I am a high school teacher in the Blue Valley School District who has taught a Bioscience Research course at the district's Center for Advanced Professional Studies (CAPS) since 2010. Previous to this teaching gig I was at Blue Valley North High School where I taught freshman Biology and Honors Biology, Field Biology, Zoology, and AP Biology for the past 18 years.
Marais des Cygnes National Wildlife Refuge, May 30 – June 1
The link below contains the draft document for the KABT Field Trip this weekend including background, directions, maps, and a schedule of events for Friday-Sunday. Please read it. I will have final copies along with some instructional activities as handouts on the field trip. The map to the KABT Campsite is accurate, and we will likely have some directional signs up in Linn County Park to help you along. We still haven’t figured out a good restaurant to eat lunch at (there might not be one) so be prepared by bringing food for Saturday’s lunch for sure. I am imagine we can find a place to eat dinner in La Cygnes, Pleasanton, or Louisburg.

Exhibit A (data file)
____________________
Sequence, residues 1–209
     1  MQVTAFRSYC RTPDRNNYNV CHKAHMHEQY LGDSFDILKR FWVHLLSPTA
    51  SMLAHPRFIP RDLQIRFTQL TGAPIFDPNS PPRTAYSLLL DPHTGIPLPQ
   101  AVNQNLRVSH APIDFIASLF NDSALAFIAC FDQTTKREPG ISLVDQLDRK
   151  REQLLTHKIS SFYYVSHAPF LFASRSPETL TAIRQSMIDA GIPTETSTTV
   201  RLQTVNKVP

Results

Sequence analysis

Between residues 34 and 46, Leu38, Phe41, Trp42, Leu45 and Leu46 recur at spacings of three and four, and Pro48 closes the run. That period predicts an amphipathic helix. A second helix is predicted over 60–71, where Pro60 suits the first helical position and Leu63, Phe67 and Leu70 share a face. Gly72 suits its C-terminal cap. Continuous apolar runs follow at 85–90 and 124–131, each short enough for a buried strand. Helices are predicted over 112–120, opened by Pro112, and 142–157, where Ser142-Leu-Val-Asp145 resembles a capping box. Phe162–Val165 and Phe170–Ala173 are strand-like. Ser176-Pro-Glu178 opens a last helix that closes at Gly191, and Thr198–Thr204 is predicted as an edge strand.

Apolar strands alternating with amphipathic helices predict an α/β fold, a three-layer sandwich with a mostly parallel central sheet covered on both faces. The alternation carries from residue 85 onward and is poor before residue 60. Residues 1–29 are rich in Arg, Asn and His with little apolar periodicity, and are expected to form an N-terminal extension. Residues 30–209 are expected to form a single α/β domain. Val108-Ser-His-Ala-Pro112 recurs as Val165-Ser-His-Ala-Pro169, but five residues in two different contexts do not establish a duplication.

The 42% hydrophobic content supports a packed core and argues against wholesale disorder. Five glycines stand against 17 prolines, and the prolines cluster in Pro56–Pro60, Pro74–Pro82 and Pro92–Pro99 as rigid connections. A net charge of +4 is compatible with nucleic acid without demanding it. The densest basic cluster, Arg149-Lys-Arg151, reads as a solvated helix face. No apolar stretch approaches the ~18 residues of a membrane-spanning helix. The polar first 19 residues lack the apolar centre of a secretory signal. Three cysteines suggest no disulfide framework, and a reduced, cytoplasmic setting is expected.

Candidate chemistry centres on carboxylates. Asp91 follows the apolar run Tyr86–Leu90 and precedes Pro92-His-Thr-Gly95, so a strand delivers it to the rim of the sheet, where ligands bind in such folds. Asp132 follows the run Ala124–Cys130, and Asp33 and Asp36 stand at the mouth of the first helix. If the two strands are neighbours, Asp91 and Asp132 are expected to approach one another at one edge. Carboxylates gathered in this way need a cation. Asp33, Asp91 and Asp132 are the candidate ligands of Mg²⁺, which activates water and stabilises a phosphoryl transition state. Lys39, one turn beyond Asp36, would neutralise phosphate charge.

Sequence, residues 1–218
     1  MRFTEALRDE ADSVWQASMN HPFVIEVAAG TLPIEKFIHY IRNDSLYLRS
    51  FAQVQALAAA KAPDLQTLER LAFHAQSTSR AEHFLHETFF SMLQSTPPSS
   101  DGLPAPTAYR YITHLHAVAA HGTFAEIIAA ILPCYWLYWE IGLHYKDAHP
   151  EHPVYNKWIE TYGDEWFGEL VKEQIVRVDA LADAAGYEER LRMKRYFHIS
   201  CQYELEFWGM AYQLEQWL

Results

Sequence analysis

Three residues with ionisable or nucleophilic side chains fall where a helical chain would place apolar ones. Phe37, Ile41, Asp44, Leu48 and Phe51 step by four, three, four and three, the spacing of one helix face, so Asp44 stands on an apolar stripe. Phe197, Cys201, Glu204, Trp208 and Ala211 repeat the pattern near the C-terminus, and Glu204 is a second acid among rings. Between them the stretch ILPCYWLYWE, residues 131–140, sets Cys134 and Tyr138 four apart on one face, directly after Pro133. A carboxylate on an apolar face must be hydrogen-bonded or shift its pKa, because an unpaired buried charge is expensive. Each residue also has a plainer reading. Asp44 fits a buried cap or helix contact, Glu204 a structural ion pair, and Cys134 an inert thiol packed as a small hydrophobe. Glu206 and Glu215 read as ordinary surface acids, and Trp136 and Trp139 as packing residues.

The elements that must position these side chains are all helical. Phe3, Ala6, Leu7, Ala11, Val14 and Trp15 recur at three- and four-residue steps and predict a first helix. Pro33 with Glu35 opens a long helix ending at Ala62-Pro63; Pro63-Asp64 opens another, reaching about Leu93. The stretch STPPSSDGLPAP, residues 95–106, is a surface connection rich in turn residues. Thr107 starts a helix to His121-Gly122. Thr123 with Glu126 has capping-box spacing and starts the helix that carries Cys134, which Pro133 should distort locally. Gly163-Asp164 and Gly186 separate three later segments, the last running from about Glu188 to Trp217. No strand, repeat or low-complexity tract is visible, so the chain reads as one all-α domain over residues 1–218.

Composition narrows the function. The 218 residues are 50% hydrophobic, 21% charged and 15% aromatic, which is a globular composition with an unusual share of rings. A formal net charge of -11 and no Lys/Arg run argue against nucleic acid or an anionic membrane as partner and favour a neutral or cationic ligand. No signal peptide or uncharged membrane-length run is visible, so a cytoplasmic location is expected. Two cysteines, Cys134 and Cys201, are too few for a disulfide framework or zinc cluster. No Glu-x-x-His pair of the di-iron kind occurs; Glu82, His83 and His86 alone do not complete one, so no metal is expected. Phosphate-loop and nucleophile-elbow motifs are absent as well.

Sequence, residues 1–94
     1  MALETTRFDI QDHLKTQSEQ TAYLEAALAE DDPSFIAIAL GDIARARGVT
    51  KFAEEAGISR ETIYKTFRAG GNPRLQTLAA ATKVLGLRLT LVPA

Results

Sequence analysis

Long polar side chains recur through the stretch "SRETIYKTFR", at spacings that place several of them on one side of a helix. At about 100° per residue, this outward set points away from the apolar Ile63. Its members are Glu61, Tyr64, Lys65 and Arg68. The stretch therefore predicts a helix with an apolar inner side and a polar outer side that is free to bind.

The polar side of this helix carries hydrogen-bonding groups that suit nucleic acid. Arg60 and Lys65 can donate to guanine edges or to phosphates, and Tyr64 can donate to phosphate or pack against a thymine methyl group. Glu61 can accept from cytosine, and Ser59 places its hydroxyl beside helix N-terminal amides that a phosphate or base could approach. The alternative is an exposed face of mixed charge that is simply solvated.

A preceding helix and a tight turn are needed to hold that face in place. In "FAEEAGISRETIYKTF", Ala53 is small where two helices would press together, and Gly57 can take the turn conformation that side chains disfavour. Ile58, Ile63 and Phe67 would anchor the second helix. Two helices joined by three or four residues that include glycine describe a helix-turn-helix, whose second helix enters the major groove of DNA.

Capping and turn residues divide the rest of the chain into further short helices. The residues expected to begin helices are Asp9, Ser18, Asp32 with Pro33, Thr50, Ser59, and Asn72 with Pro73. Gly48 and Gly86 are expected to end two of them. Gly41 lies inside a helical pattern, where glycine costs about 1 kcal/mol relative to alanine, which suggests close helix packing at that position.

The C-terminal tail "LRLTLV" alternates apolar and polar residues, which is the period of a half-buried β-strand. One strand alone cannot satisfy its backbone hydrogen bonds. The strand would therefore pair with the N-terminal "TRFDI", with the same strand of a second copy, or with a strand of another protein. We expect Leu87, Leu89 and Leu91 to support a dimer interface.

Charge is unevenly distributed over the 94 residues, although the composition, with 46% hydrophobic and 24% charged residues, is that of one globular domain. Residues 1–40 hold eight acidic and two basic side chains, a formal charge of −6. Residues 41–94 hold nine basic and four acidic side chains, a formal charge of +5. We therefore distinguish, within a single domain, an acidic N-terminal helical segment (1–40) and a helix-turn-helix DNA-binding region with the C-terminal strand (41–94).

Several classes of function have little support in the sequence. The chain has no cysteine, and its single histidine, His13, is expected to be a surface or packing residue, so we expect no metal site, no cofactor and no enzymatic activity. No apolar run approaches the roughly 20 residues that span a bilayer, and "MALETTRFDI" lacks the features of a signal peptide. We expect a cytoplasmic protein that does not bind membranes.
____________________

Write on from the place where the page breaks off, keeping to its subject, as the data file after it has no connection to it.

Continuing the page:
I still have some editing of the background to do based on suggestions from the staff at the Marais des Cygnes NWR, and there may be some changes to the schedule. If you are coming down on Friday and want to help set traps, etc… please text me your name so that I can keep you informed if anything changes. I’m at 816-804-7106.
I may upload a list of possible things to bring later but do be warned that you should be prepared for having your legs covered while walking around in the prairies and forests during the beginning of the day, etc… and then getting into the Marais des Cygnes River later. I will be carrying a backpack and wearing my swim trunks under my jeans.
It goes without saying that we will likely encounter some poison ivy and ticks during our journey.
If you have any questions about the field trip feel free to post a comment here, on the KABT Facebook, of feel free to email me. Hope to see you all at the end of the week!
Thanks to Michael Ralph getting things started. I would love to have made it to the epigenetics/arabidopsis workshop that he discuss but there is only so much time in a day. Here are a few of the highlights from my 1 1/2 days at the convention.